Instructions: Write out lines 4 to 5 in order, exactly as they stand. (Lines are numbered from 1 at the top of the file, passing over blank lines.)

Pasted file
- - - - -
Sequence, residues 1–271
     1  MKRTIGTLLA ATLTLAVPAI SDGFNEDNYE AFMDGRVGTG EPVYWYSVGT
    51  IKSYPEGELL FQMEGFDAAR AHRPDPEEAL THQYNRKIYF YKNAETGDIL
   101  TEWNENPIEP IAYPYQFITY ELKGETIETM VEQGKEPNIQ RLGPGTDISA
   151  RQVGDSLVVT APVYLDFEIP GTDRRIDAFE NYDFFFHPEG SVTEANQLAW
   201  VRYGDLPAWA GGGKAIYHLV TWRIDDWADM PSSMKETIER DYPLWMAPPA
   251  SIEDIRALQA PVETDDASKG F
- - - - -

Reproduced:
   101  TEWNENPIEP IAYPYQFITY ELKGETIETM VEQGKEPNIQ RLGPGTDISA
   151  RQVGDSLVVT APVYLDFEIP GTDRRIDAFE NYDFFFHPEG SVTEANQLAW